Fine-scale diversity and distribution of ectomycorrhizal fungal mycelium in a Scots pine forest
Article first published online: 18 DEC 2013
© 2013 The Authors. New Phytologist © 2013 New Phytologist Trust
Volume 201, Issue 4, pages 1423–1430, March 2014
How to Cite
Anderson, I. C., Genney, D. R. and Alexander, I. J. (2014), Fine-scale diversity and distribution of ectomycorrhizal fungal mycelium in a Scots pine forest. New Phytologist, 201: 1423–1430. doi: 10.1111/nph.12637
- Issue published online: 3 FEB 2014
- Article first published online: 18 DEC 2013
- Manuscript Accepted: 6 NOV 2013
- Manuscript Received: 29 AUG 2013
- Natural Environment Research Council. Grant Number: NER/A/S/2002/00861
- Scottish Government
- ectomycorrhizal (ECM) mycelium;
- Scots pine (Pinus sylvestris);
- spatial ecology;
- terminal restriction fragment length polymorphism (T-RFLP)
- Ectomycorrhizal (ECM) mycelium is a key component of the ectomycorrhizal symbiosis, yet we know little regarding the fine-scale diversity and distribution of mycelium in ECM fungal communities.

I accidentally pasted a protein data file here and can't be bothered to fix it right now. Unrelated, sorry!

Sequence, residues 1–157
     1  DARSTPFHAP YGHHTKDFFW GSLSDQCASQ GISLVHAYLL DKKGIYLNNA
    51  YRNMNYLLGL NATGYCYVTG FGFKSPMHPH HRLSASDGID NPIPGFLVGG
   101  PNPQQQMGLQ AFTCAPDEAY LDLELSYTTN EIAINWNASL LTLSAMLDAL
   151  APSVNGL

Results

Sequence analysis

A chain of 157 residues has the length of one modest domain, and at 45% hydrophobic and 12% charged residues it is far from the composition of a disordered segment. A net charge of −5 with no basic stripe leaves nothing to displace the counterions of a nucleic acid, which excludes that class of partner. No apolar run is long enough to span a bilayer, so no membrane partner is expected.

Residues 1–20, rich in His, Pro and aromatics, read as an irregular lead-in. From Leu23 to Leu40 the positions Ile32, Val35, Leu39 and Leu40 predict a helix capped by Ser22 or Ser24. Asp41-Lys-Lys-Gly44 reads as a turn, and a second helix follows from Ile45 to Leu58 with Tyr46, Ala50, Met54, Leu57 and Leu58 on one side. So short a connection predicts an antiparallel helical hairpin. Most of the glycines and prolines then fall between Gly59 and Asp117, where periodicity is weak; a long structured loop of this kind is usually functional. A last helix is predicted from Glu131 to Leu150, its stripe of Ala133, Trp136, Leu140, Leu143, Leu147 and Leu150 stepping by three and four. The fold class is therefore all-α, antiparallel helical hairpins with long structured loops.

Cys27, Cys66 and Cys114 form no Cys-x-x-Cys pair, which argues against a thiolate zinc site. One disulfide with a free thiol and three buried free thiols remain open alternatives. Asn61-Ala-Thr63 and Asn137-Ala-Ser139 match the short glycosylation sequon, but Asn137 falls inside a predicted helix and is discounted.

- We collected four 20 × 20 × 2-cm3 (800-cm3) slices of Scots pine (Pinus sylvestris) forest soil and divided each into 100 2 × 2 × 2-cm3 (8-cm3) cubes. The presence of mycelium of ECM fungi was determined using an internal transcribed spacer (ITS) database terminal restriction fragment length polymorphism (T-RFLP) approach.
- As expected, many more ECM fungi were detected as mycelium than as ectomycorrhizas in a cube or slice. More surprisingly, up to one-quarter of the 43 species previously detected as ectomycorrhizas over an area of 400 m2 could be detected in a single 8-cm3 cube, and up to three-quarters in a single 800-cm3 slice. ECM mycelium frequency decreased markedly with depth and there were distinct ‘hotspots’ of mycelium in the moss/F1 layer.
- Our data demonstrate a high diversity of ECM mycelium in a small (8-cm3) volume of substrate, and indicate that the spatial scale at which ECM species are distributed as mycelium may be very different from the spatial scale at which they are distributed as tips.